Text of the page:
Unexpectedly it was discovered that 6 sRNAs influence cellular behaviour and their absence can lead both to reduced or to enhanced swarming. Recently it was discovered that also one bacterial sRNA, McaS from E. coli, has an influence on motility [38]. It also influences biofilm formation and therefore determines the balance between a sessile and a motile lifestyle of E. coli in response to nutrient availability. After the parallel discovery of one archaeal and one bacterial example it is tempting to predict that additional prokaryotic sRNAs will be found to regulate cellular behaviour.

Many H. volcanii sRNA gene deletion mutants have gain of function phenotypes

Very unexpectedly, the deletion of haloarchaeal sRNA genes did not only result in a loss of function phenotype, but also in a gain of function phenotype under at least one condition. In summary, 4 mutants had a shorter lag phase, 9 mutants had a higher growth rate, 10 mutants had a higher growth yield, and one mutant had a higher swarming velocity. As some mutants exhibited several of these phenotypes, the total number of mutants with a gain of function phenotype is much lower than the sum of these values. However, 13 mutants out of the 24 with phenotypic differences to the parent strain exhibited at least one gain of function phenotype under at least one condition, underscoring that this is neither an experimental artefact nor a rare consequence of the absence of a sRNA.

To our knowledge, a gain of function phenotype has as yet not been reported for any sRNA gene deletion mutant of any bacterium. In stark contrast, gain of function phenotypes have been reported as a result of the absence of several miRNAs in higher eukaryotes, and in congruence with that, overexpression of miRNAs has led to loss of function phenotypes [12], [13], [39]. Therefore, it seems that the biological role of sRNAs in haloarchaea and higher eukaryotes is not a one-dimensional optimization of the reaction of the cell to the change in a single parameter. In contrast, their role is to stabilize the system of a cell, organ or organism to the multivariate changes that occur in real life. As haloarchaea are much simpler than higher eukaryotes, they offer the advantage to test under which combination of conditional changes the parent strain is superior to the deletion mutants that exhibit a gain of function phenotype in one-dimensional experiments described above.

From transcriptomes to phenotypes and functions

Transcriptome analyses using microarrays or high throughput sequencing can be used for the genome-wide parallel analysis of differential levels of sRNAs and mRNAs under various conditions. Comparisons of transcriptomes of cells with different levels of a specific sRNA have the potential to unravel mRNAs that are directly or indirectly regulated by this sRNA. This requires that not only the translational efficiencies, but also the half lives of the transcript are influenced by the sRNA, otherwise translatome analyses would be required. The transcriptome comparison of the deletion mutant Δ63 and its parent strain led to the identification of several transcripts with different levels in the two strains, indicating that sRNAs influence transcript stability in H. volcanii, like in E. coli. The results of the transcriptome comparison led to the prediction that sRNA63 might be involved in the regulation of motility and/or chemotaxis, and this could indeed be verified using a swarm plate assay. This result has induced the swarming analysis of 16 additional deletion mutants, which led to the discovery of 5 additional sRNAs that are involved in the regulation of motility/chemotaxis, which would have otherwise remained unnoticed.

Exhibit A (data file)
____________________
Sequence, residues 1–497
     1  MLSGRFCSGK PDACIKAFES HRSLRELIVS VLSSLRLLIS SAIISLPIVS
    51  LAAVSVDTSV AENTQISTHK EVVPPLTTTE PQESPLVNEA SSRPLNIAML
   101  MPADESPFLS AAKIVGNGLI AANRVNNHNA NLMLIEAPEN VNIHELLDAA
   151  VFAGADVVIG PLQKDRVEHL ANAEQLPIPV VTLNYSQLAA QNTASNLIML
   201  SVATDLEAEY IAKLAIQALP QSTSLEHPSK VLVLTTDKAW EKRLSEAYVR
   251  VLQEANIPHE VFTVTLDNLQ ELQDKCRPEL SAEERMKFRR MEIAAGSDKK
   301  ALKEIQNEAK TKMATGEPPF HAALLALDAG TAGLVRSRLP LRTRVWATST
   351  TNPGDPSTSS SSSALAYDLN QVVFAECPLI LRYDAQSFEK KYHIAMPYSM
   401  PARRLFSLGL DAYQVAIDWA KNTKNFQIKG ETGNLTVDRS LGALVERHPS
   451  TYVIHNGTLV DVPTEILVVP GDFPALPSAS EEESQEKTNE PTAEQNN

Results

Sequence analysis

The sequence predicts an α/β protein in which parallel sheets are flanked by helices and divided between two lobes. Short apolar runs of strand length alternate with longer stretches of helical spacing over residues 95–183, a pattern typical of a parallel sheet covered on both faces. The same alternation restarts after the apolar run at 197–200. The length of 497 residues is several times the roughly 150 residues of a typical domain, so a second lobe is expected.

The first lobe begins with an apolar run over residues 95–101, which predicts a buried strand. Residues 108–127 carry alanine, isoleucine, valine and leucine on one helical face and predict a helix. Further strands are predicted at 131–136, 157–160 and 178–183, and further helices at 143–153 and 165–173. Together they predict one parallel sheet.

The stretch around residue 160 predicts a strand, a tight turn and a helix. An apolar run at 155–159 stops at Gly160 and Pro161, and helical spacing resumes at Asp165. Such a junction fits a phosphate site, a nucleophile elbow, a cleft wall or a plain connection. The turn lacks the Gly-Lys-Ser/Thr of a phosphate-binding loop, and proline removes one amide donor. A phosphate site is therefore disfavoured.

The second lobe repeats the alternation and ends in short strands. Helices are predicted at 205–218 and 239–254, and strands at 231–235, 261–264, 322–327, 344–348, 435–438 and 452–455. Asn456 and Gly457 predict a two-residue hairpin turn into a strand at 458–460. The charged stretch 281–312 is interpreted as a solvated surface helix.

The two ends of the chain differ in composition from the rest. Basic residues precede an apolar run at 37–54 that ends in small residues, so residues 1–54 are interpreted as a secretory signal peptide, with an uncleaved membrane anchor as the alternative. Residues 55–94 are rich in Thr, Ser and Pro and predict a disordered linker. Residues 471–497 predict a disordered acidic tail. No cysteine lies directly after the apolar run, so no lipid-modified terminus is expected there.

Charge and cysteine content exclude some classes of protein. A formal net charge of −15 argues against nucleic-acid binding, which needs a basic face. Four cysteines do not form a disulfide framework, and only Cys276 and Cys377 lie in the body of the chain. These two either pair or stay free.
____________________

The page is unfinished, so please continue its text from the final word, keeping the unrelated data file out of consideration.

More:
This proof-of-principle experiment indicated that transcriptome comparisons will most probably allow the identification of regulons for additional haloarchaeal sRNAs. This is worth mentioning because bioinformatic target prediction, which has become feasible for bacteria in recent years, is currently not succesful for archaea.

Evolution of prokaryotic sRNAs

It has been proposed that sRNAs might be reminiscent of an ancient “RNA world” that was and sometimes still is thought to have been crucial for the development of life. Even if that might be true, the current sRNA inventory seems to have evolved very recently. Of the tested sRNAs, the majority is confined to H. volcanii alone and is not even present in another species of the same genus, H. mediterranei. There are several possible explanations for this observation. One possibility could be that the sRNA genes are confined to plasmids and are not found on the chromosome or that they are predominantly close to transposons, integrated viruses or other mobile genetic elements. In these cases H. volcanii would have obtained the sRNA genes by lateral transfer from a species that does not belong to the archaea with sequenced genomes present in the databases. However, the density of sRNA genes (sRNA gene per 100 kbp) is very similar for the three replicons major chromosome, pHV3 and pHV4 and deviates only for the very small replicon pHV1 (Table 6). In addition, despite their names the replicons pHV1, pHV3, and pHV4 are regarded to be chromosomes based on the presence of ORC genes close to origin repeats. There are indeed some sRNA genes close to transposons, but the vast majority is not. Currently it can not be decided between the two alternative possibilities that 1) sRNA genes in H. volcanii arose de novo during species evolution and 2) sRNA genes were already present in the last common ancestor of the genus Haloferax but their sequence evolution was so fast that today it is impossible to detect the homologies by sequence comparisons.

Table 6. Distribution of intergenic sRNA genes on the replicons of H. volcanii.